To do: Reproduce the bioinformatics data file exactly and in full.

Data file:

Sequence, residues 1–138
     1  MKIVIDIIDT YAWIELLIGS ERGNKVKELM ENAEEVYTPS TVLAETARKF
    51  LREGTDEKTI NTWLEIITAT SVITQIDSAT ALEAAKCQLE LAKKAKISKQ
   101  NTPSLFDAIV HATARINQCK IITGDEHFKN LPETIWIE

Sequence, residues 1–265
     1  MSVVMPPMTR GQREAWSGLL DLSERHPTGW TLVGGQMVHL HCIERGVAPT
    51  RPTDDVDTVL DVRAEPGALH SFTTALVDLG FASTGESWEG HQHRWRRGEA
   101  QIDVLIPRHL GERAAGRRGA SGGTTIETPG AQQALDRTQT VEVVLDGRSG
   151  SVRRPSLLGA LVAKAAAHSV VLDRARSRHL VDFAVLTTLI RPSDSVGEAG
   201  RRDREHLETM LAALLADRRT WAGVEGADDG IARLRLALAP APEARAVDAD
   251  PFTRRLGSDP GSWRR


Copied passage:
Sequence, residues 1–138
     1  MKIVIDIIDT YAWIELLIGS ERGNKVKELM ENAEEVYTPS TVLAETARKF
    51  LREGTDEKTI NTWLEIITAT SVITQIDSAT ALEAAKCQLE LAKKAKISKQ
   101  NTPSLFDAIV HATARINQCK IITGDEHFKN LPETIWIE

Sequence, residues 1–265
     1  MSVVMPPMTR GQREAWSGLL DLSERHPTGW TLVGGQMVHL HCIERGVAPT
    51  RPTDDVDTVL DVRAEPGALH SFTTALVDLG FASTGESWEG HQHRWRRGEA
   101  QIDVLIPRHL GERAAGRRGA SGGTTIETPG AQQALDRTQT VEVVLDGRSG
   151  SVRRPSLLGA LVAKAAAHSV VLDRARSRHL VDFAVLTTLI RPSDSVGEAG
   201  RRDREHLETM LAALLADRRT WAGVEGADDG IARLRLALAP APEARAVDAD
   251  PFTRRLGSDP GSWRR